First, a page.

How do SANs work

Are the claims that have been made for storage area networks true. We provide some analysis of how SANs work

Are the claims that have been made for storage area networks true. We provide some analysis of how SANs work

I must admit that I am rather confused about the claims being made for Storage Area Networks (Sans). The basic principle is to introduce a very high speed, limited distance network to interconnect computer I/O and disk/tape controllers, in place of the mess of cables common today. In essence, a network of computers and storage controllers is similar in architecture to a mainframe. The claimed attraction of a San is that a variety of storage subsystems and computers can be interconnected.

All this seems attractive, but there are some serious questions yet to be answered. A storage subsystem only stores the actual physical data. In most applications there are layers of software above the physical sectors on the disks, which progressively apply meaning to the raw bit patterns. Above the storage layer is a file system, which manages physical sector allocation to present a logical 'file' to the operating system. This involves a low-level directory, which itself needs storage. Above the file level, software is free to open and close files by logical names, without recourse to knowledge of which part of the disk or tape is referenced. Within the file, however, the 'data' is simply a sequential string of bits/bytes. Thus a record management layer is required on top of the file system, in order to calculate which string of bytes inside the file corresponds to a desired 'record'.

This mapping of logical references to data in practice gets more complex as databases need more complex, interrelated directories, than the simpler sequential record-oriented file systems. One of the key refinements of modern database software is the extensive use of caching of records into memory to speed up reads; indeed with big databases the extensively referenced read-only parts of the database are copied into memory, the disk effectively acting as a non-volatile back-up. Caching is far more complex since data written to the cache must be mapped to the storage system, and in the case of multiple caches they must be synchronised.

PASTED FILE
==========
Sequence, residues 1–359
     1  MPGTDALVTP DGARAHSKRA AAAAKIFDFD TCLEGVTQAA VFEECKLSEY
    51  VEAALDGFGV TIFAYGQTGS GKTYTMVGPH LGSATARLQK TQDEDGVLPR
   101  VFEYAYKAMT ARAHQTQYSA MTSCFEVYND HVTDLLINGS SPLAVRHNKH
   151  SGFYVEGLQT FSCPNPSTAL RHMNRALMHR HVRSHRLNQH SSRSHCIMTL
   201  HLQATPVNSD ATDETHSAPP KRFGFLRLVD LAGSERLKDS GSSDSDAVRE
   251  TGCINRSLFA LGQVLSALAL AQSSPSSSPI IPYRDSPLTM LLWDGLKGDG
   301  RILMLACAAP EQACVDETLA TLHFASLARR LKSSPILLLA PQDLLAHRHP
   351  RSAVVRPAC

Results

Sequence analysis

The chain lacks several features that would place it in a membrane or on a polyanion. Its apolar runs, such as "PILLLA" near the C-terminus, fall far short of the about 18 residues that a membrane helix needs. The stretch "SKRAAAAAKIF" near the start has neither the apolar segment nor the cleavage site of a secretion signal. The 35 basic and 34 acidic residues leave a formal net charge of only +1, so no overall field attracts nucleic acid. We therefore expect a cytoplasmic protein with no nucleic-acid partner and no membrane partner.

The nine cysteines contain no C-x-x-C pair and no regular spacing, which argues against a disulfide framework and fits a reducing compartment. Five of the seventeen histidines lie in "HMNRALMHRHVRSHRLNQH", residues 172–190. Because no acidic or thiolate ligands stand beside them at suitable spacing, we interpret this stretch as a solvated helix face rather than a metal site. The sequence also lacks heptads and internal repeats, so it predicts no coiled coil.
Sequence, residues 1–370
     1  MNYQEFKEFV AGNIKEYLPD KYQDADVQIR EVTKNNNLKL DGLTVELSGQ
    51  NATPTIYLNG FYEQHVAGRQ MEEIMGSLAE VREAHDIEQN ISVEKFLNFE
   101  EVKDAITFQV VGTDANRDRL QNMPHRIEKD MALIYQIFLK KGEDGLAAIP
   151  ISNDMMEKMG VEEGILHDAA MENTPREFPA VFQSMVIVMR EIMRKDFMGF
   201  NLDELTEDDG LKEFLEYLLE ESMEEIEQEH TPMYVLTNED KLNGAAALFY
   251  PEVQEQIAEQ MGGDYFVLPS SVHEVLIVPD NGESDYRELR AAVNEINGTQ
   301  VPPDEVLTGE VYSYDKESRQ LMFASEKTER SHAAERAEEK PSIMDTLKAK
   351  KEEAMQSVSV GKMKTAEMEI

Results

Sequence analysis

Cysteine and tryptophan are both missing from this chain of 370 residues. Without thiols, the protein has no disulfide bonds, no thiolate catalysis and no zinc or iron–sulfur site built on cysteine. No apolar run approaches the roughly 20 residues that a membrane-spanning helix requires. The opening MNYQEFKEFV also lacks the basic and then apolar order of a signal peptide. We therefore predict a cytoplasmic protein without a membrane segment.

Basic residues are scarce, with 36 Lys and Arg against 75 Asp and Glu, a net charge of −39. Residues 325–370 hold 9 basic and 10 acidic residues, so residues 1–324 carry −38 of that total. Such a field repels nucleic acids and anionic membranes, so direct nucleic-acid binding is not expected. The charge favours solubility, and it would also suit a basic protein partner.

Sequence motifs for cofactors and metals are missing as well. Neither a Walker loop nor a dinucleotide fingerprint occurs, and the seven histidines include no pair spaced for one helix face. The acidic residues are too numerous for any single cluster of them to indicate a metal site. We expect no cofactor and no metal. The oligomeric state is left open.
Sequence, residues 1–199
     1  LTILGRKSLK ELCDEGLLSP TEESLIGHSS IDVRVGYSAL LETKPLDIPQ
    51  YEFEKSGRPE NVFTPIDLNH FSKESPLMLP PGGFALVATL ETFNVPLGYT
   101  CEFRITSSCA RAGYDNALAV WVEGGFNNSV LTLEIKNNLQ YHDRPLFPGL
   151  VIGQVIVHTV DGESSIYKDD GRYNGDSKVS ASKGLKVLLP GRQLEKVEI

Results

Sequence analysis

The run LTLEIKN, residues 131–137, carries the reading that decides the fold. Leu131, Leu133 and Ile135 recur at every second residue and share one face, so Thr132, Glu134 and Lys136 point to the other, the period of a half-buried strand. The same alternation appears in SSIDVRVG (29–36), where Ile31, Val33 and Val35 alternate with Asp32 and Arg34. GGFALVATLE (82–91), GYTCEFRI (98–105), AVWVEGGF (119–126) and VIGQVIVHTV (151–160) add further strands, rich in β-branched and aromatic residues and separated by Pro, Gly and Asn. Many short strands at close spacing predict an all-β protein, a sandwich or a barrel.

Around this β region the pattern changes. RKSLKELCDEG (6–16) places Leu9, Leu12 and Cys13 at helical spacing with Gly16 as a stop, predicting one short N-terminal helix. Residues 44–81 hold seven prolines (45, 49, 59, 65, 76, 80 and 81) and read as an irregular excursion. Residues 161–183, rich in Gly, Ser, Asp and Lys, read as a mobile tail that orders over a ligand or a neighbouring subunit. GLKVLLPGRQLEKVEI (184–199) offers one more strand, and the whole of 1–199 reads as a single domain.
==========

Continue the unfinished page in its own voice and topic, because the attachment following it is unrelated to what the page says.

The point of this discussion then is that it is a very complex situation in practice, one that has taken years of effort to arrive at practical working solutions. And those solutions are largely inside big computers, or to some extent in clustered computers with a common storage controller. All that capability must be re-engineered to fit the San.

The question now arises as to which supplier is responsible for the synchronisation of this complex software? If the San is to be merely a new generation of mainframe storage sub systems, then this is practical. But the suppliers of Sans are allegedly targeting networks involving a variety of computers, and even more importantly, operating systems. This is where my confusion comes in. Surely each operating system will have its own algorithm for allocating physical disk sectors to logical files! The meaning of any individual disk sector is controlled by the file software, and so it would seem to me that there is a very complex situation arising where some point of control must be imposed, and that is adding a degree of complexity which is avoided in a mainframe complex (admittedly because only one operating system is involved). It seems that true sharing of the San resources is some way off yet. There is, however, a compromise in which the disk subsystem controller can split sector allocation into multiple partitions so that, say, Unix can use one section, NT another, and MVS another. This, however, is only sharing the storage sub systems, and not the data.

The key to the progress of Sans lies in the intelligence of the storage controllers. It would be possible, for instance, for multiple file directory systems to run on the controller, synchronised by replication to the individual computers, using the San. If this is possible, then one of the big advantages of this architecture could be applied to support archiving and back up, typically between disk and tape subsystems. At present back-up software works by reading sectors or files into memory, and then writing them back to the tape systems. If the controller has all the necessary mapping directory information, then selective copying from disk to tape can be done across the San, without intermediate storage in the computer.

In summary, as a storage option for multiple similar computers, the San is very interesting, but as a replacement for huge systems with various operating systems involved, it seems far too complex to even work!

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